Eastern Cape MEC summons hospital bosses in bid to improve health care
Province’s health department told to improve the services provided by state facilities as it faces a high number of medical negligence claims
Eastern Cape health MEC Sindiswa Gomba has summoned hospital bosses to a meeting in East London on Tuesday to figure out how to improve the services provided by state facilities.
The Eastern Cape health department faces a high number of medical negligence claims and in 2017/2018 paid out more R876.7m to successful claimants, or 32% of the national total.
The meeting is a direct result of health minister Zweli Mkhize’s meeting with health MECs ahead of the ninth SA Aids conference in Durban two weeks ago.
“He requested that MECs drastically improve the quality of care in our institutions, in hospitals and clinics,” said his spokesperson, Popo Maja. “He appealed to MECs to do their utmost within the available human resource constraints,” he said.
In a statement issued on Monday, the Eastern Cape health department’s spokesperson, Sizwe Kupelo, said Gomba and the hospital CEOs would be discussing staff shortages, staff attitudes to patients, and the cleanliness of facilities.
“The critical meeting with the hospital bosses is meant to come up with tangible and feasible solutions to how the province can turn [around] the state of public health care,” he said.
“While the department has been filling vacancies, there is still a serious need for more staff. Without doctors, nurses, cleaners, porters, general workers and other staffers, our health system would be crippled,” he said.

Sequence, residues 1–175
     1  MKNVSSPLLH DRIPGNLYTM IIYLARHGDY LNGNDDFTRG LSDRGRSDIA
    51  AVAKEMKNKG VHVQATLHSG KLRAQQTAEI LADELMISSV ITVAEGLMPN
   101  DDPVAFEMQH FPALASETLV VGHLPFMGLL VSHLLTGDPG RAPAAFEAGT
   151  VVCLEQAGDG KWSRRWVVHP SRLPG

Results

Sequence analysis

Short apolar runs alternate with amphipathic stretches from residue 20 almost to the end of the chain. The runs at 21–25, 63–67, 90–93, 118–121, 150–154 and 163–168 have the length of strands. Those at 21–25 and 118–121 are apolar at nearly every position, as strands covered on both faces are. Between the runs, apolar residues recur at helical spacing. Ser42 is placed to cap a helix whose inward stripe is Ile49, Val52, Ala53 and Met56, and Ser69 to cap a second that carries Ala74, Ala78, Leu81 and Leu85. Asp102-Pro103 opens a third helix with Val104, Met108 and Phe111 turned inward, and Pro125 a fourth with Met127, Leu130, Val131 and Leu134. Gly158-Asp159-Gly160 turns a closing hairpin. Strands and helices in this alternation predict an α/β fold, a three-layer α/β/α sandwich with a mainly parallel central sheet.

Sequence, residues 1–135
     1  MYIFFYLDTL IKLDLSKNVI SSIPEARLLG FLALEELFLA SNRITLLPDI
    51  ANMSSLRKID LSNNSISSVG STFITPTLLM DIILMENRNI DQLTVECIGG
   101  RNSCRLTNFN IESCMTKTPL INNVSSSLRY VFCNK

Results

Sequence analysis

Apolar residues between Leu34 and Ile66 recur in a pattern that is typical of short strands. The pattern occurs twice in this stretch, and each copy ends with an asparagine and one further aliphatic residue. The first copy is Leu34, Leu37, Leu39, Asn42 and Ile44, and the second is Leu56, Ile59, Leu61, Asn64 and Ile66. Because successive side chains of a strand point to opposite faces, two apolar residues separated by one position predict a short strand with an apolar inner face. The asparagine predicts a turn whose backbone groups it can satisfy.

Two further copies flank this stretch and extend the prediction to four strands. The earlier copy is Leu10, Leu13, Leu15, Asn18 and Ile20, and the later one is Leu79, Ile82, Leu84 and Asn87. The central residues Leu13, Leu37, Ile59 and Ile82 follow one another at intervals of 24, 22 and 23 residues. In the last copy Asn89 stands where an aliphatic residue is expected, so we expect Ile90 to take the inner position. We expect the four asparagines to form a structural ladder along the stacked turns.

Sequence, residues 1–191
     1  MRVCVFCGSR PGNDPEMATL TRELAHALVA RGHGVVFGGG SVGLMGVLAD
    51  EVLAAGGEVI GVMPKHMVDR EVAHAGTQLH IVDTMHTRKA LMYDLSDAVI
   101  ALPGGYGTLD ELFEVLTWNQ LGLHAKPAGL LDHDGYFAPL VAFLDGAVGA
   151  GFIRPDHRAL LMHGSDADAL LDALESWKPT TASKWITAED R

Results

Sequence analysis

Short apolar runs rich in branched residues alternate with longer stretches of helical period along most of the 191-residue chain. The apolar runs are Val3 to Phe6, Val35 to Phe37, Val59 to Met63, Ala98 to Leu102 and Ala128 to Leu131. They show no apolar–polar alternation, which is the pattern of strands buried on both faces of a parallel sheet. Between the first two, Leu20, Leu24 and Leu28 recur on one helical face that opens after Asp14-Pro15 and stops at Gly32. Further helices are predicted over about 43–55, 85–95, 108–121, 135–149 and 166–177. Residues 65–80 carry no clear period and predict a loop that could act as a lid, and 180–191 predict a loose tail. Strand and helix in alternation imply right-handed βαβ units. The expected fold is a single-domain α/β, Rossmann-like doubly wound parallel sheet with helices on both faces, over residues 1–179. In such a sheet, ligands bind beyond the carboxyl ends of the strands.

The meeting is also expected to discuss the procurement of food for patients, following the suspension of Cala Hospital CEO Lulamile Sizelo for allegedly providing patients with sub-standard food. Pictures of plates of white rice and meagre portions of vienna sausages or peas, allegedly served to patients at the hospital, surfaced on social media in early June.
The MEC has made several unannounced hospital visits in Maclear, Mthatha and East London to gauge how hospitals are being managed and whether patients are fairly and professionally treated, said Kupelo. “Her findings and proposed plan of action will be shared at the session tomorrow,” he said.
Kupelo said the MEC would also brief the hospital CEOs on the recent executive council lekgotla resolutions and programme to accelerate service delivery. “The MEC wants every health-care worker in the province to dedicate themselves into serving our people with dignity, care and compassion,” he said.
President Cyril Ramaphosa placed health care high on the agenda during his state of the nation address on Thursday, naming it as one of the seven key areas that the government would focus on during the next five years.
“We must attend to the capacity of our hospitals and clinics. An 80-year-old grandmother cannot spend an entire day in a queue waiting for her medication. An ill patient cannot be turned away because there is a shortage of doctors and nurses … A woman in labour cannot have her unborn child’s life put in danger because the ambulance has taken too long to come,” he said in his speech.
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